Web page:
We’ve all been there. Your village relies on an ancient Relic no one understands but which the economy relies on anyway, like Bitcoin. At the annual ritual in which the Relic ascribes professions and even names to the young people of the village, someone breaks the Relic and that someone is you. Then the sky breaks open, weirdly gifted strangers appear and all your friends want to kill you.
Such is the opening of Lucy Hounsom’s Starborn, in which seemingly luckless Kyndra is the kid none of us want to be, but probably are (regardless of actual age). Not since Katniss put her hand up to take her younger sister’s place in the Hunger Games have I been rooting for a protagonist with quite so much empathy as this one. That none of it is Kyndra’s fault only adds to our interest in her, as does her status as child of a single mother, very real confused grief and decisions that put the interests of others, particularly her stepfather, over her own.
Granted, she has little idea of what she is agreeing to in her deal with a strange visitor called Bregenne, whose blindness eases under the light of the moon and whose uncanny healing powers are very like those in the storybook Kyndra owns about a magical race called the Wielders. Kyndra’s choice is wholly understandable though and besides, we want her to go with the strangers if only to find out more about them.
Kyndra wants to stay, however; through a combination of confusion, fear and rebellion that is both youthful protest and an innate part of her character. Kyndra’s insistence on staying in a place that has turned on her so suddenly is part of the theme of loyalty that knits the story together. Throughout the book, characters resist or comply according to power structures they barely understand, even at a higher social or magical level.
Kyndra herself begins to suffer powerful visions of a destiny that appears to have already taken place, not that this seeming anachronism prevents the condition being dangerous to everyone around her. Inadvertent destruction while engaging in a past that may not even have happened – at least not in the way everyone accepts – makes this epic fantasy wholly relevant as demagogues in our time employ sentimental imagery at the expense of anyone ‘different’.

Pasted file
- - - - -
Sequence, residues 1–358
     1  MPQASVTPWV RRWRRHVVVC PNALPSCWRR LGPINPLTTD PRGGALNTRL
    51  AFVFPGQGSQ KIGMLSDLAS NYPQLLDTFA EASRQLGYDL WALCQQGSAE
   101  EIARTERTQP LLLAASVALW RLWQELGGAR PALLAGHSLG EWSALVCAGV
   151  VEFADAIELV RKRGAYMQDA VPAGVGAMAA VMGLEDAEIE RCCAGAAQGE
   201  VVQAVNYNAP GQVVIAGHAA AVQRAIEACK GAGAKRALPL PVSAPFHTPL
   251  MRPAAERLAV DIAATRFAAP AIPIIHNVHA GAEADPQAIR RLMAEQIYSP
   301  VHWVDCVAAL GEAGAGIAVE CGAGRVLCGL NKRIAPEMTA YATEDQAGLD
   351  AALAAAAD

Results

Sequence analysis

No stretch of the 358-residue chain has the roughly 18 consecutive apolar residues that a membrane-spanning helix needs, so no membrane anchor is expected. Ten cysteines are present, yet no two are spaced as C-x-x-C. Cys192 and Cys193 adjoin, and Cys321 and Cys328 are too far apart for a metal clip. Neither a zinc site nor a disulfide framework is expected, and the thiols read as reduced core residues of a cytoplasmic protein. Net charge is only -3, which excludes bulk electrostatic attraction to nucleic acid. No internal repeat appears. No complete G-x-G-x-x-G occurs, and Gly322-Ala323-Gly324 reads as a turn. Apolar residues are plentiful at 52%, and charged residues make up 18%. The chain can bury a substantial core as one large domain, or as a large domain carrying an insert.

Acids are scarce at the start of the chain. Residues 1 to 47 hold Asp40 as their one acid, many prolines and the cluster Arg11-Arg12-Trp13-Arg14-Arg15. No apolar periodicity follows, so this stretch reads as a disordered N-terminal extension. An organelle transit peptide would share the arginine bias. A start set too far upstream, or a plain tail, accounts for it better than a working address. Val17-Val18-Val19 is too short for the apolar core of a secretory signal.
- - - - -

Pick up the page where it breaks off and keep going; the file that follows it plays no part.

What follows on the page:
Unfortunately for Kyndra, she turns out to be more different than even her mentor Bregenne realises, and there are some uncomfortable scenes in which Kyndra is tested almost to destruction as a means of drawing out her potential. The insistence of the ruling Council on proceeding with these measures simply because they worked before shows the dangers of a rigid hierarchy, even when it is informed by magic.
The magic system in the novel is based on the sun and the moon, with different Wielders accessing the power to create, heal and destroy at different times of the day. The Starborn are the most powerful of all, with the ability to shape continents and even reality through the power of the stars themselves. There can only be one Starborn alive at any one time, and the last one betrayed and then destroyed the great city of the Wielders five centuries earlier.
It’s giving little away to say that there is more to all this than appears; what is significant is the complexity of the characters’ motivations. Often we feel we are in a familiar genre situation to do with, say, bullying at an educational establishment that deals in magic; then the author will twist the story unexpectedly. One young male antagonist, for example, is motivated by love for another older and more powerful male character who manipulates him, rather than simple hatred for Kyndra.
There are a couple of great trickster characters as well; including the dashing Kait, who is a sort of female Han Solo with great hair and whose agenda, while opposed to that of her rival Bregenne, is perhaps not as evil and deluded as Kyndra is led to believe; and Medavle, who you know is going to be trouble because everyone tells Kyndra to stay out of his way. Sure, his name sounds a bit like ‘devil’, but he is engagingly mischievous and also saves Kyndra’s life. Medavle too has unknown depths; part of a powerful species bred specially for service (there’s that nasty hierarchy again), he acts as he does because he believes himself to be alone.
It’s another example of how magic does not make the lives of the Wielders any easier. They are susceptible to the same pettiness, anxiety and fear as those who do not share their gifts. The novel is very successful in depicting these dynamics, especially when conjoined with tensions brought about by unfair power structures.
But it is in the character of Kyndra that the novel really succeeds. A decent soul, she is horrified when she feels she is letting everyone down, from the people in her village to Bregenne, who shoulders the blame when Kyndra fails the tests. It is a strength of the writing that we share Kyndra’s sense of responsibility for this situation, even though none of it is her doing.
The most significant aspect of Kyndra is that she is a female protagonist in a successful epic fantasy, along with two powerful mentors in Bregenne and Kait; all of whom not only have agency and significance, but are the whole point of the novel. It’s worth making clear as well that the male characters have heft and importance, particularly the thoughtful Nadiah. Nadiah is a healer, which is normally a role ascribed to female characters; his skill at it in this story is in no way emasculating; indeed, the quiet subversion creates a very original character. Kyndra, then, is in good company as she negotiates a dangerous but often beautiful fantasy landscape.
Books two and three are out now: